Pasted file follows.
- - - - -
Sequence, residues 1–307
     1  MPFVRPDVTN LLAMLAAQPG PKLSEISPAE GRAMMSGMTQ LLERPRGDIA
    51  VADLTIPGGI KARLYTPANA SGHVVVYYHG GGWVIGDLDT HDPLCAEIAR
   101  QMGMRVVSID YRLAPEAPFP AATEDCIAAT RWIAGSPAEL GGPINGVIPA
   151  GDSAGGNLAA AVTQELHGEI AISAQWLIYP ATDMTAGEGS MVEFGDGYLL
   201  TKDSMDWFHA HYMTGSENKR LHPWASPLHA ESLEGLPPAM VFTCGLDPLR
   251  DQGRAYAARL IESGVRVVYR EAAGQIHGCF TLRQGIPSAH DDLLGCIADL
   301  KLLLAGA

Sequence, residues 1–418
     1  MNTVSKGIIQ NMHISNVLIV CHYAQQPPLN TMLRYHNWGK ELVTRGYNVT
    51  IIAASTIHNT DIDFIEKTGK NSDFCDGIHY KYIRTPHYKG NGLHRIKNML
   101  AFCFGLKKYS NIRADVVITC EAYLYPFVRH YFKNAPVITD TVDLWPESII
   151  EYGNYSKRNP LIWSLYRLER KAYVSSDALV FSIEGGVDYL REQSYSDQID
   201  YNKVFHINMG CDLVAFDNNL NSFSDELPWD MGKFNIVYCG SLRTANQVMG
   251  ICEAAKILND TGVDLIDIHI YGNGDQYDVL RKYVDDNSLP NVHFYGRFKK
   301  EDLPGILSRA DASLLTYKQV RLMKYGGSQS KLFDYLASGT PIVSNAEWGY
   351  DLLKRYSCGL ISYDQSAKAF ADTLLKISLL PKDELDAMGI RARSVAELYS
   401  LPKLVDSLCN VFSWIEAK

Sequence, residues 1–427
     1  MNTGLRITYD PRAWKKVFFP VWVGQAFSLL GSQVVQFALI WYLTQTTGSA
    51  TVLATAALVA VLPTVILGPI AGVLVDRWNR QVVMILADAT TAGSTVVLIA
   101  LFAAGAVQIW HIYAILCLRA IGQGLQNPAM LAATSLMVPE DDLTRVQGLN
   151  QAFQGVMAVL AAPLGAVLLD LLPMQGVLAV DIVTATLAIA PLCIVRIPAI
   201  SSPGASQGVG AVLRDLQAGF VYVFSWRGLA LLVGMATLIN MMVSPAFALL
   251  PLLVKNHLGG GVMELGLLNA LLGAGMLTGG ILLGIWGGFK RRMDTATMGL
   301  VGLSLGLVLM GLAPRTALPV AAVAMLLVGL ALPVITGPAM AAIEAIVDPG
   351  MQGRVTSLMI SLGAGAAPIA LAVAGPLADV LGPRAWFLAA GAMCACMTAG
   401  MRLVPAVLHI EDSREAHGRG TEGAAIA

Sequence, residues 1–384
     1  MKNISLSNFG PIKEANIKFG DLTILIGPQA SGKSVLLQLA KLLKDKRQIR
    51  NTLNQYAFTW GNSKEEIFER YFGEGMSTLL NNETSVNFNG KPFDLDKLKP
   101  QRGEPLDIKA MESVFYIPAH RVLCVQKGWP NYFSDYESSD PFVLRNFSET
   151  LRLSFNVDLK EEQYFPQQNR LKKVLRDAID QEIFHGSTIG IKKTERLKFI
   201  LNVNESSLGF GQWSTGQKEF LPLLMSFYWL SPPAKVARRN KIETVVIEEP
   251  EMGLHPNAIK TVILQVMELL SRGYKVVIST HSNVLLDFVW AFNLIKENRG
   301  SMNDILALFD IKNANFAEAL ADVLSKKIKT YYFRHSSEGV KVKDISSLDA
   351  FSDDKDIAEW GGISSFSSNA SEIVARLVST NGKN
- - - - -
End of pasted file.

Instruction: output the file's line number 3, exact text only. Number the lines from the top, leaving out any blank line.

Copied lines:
    51  VADLTIPGGI KARLYTPANA SGHVVVYYHG GGWVIGDLDT HDPLCAEIAR